Description of the organization and tasks of students’ independent work
The tasks of homework are assessed in accordance with the tasks specified in the practical work. Students independently acquire and strengthen their knowledge in the anatomical structures of domestic animals and anatomical differences in domestic animal species. Independently learns new anatomical terminology, following the content of the course plan.
Criteria for Evaluating Learning Outcomes
Colloquiums are evaluated on the 10-point scale; the score is scored from 4 to 10 points.
The assessment of the colloquium depends on the presentation of practical and theoretical knowledge.
Colloquium answering is done using laboratory work study materials, sequentially according to the course plan.
Each wet colloquium material is stored for 30 days from its production.
After completing the colloquium plan student must take an oral examination and answer to 3 questions in the ticket.
Students who have at least 7 points and above in colloquiums, in agreement with the lecturer may skip the exam, but instead prepare a presentation material for the study course. As a final mark, average arithmetic score from the evaluation of the colloquiums taken by the study course is given.
FORCE MAJURE Events that are out of control (fires, floods, riots, war or other similar situation) that delay or hinder the fulfillment of the set obligations are taken into account and student may answer the colloquiums/exam remotely without the presence of study material.
Compulsory reading
1. Brūveris Z., Baumane S., Dūrītis I. Mājdzīvnieku praktiskā anatomija. Rīga: Medicīnas apgāds, 2018. 2. Brūveris Z. Mājdzīvnieku anatomija. Rīga: Medicīnas apgāds, 2007. 3. König H.E., Lieblich H.G. Veterinary Anatomy of Domestic Mammals. 6th edition. Germany: Schattauer, 2014. 4. Done S.H., Goody P.C., Stickland N.C. Color Atlas of Veterinary Anatomy. Vol. 3. The Dog and Cat. Philadelphia: Elsevier Helt, 2007. 5. Dyce K.M., Sack W.O., Wensing C.J. Textbook of veterinary anatomy. 4th edition. Philadelphia: W.B. Saunders company, 2010. 6. World Association of Veterinary Anatomists. Nomina Anatomica Veterinaria. 6th edition. 2017. Pieejams: from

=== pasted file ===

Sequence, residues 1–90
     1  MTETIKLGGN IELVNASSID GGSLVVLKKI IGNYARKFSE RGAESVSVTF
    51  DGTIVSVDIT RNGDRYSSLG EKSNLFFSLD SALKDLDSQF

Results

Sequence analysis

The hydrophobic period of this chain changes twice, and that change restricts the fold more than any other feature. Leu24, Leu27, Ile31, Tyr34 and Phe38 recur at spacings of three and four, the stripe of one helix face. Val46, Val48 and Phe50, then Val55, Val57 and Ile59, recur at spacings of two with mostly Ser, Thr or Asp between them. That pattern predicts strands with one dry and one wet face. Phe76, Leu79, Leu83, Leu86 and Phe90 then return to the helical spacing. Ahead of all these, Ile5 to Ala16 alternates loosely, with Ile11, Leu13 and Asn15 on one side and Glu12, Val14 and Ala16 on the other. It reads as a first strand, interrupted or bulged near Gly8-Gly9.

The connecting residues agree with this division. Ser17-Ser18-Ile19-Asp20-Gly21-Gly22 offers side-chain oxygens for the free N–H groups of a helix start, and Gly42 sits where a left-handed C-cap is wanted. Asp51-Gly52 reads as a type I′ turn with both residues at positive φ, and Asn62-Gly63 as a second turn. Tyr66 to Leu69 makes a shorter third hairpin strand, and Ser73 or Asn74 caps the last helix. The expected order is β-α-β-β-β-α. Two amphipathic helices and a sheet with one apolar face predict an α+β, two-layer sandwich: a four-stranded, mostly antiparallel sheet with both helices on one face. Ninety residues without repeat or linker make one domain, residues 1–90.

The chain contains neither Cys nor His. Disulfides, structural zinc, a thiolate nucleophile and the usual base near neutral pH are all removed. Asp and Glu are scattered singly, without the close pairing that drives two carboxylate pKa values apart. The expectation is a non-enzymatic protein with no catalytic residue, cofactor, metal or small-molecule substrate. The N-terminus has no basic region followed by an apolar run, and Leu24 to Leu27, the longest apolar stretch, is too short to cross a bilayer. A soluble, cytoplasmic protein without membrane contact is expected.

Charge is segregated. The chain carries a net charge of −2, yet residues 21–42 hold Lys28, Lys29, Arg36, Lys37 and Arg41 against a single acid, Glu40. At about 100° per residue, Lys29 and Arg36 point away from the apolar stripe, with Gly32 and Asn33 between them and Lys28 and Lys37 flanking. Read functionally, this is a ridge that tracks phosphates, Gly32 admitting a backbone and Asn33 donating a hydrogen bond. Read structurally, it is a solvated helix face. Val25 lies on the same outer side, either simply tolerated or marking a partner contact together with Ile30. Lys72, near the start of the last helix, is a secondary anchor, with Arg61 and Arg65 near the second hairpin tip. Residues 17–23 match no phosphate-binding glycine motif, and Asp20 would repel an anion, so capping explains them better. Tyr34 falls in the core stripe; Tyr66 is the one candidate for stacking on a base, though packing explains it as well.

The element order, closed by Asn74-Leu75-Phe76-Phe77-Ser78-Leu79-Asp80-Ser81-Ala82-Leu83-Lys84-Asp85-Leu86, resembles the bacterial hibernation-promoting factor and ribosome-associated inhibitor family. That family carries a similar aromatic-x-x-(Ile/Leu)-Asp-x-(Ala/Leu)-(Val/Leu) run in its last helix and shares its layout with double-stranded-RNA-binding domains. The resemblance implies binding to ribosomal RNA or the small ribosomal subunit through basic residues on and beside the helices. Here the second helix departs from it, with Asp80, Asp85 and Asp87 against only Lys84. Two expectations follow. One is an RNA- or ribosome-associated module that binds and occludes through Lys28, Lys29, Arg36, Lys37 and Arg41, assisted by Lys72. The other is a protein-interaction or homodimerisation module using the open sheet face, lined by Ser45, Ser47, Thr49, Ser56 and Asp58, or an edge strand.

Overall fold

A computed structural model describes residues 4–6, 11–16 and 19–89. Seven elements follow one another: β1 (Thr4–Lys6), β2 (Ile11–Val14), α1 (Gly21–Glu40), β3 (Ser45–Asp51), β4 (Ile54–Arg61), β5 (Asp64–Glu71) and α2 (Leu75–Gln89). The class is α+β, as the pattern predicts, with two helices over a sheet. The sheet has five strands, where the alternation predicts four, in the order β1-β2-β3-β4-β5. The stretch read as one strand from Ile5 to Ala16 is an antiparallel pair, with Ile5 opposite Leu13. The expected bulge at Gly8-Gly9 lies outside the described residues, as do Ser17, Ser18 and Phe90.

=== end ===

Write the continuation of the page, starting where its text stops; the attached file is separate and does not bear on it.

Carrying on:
Further reading
1. Brūveris Z., Baumane S. Lauksaimniecības dzīvnieku morfoloģija un fizioloģija. Rīga: Zvaigzne, 1987. 2. Sisson S., Grosman J. The anatomy of the domestic animals. 10 Edition. Philadelphia and London: W.B.Saunders Company, 1973. 3. Nickel R., Schummer A, Seiferle E. Lehrbuch der Anatomie der Haustiere. Band I-IV. Berlin, Hamburg: Verlag Paul Parey, 1973-1992.
Periodicals and other sources
1. Ozoliņš P. Lauksaimniecības dzīvnieku anatomija. Rīga: Zvaigzne. 1975. 2. Brūveris Z., Cunskis J., Pastuhovs M. Lauksaimniecības dzīvnieku anatomijas praktikums. Rīga: Zvaigzne, 1978. 3. Kainer R.A., McCracken Th.O. Dog anatomy: A Coloring Atlas. U.S.A.: TetonNewMedia, 2003. 4. Latshaw W.K. Veterinary Developmental Anatomy: A Clinically Oriented Approach. Toronto, Ontario: B.C. Decker Inc. 1987. 5. Aspinall V., Capello M. Introduction to Veterinary Anatomy and Phisiology. Textbook. 2nd edition. Philadelphia: Elsevier, 2009. 6. Howard E.E., de Lahunta A. Miller’s Anatomy of the Dog. 4th edition. Missouri: Elsevier, 2013. 7. Hudson L.C., Hamilton W.P. Atlas of Feline Anatomy for Veterinarians. 2nd editio). U.S.A.: Teton New Media, 2010. 8. Budras K.D., McCarthy P.H., Horowitz A., Betg R. . Anatomy of Dog. 5th edition. Hannover: Schlütersche, 2007.
Compulsory course of study programme Veterinary medicine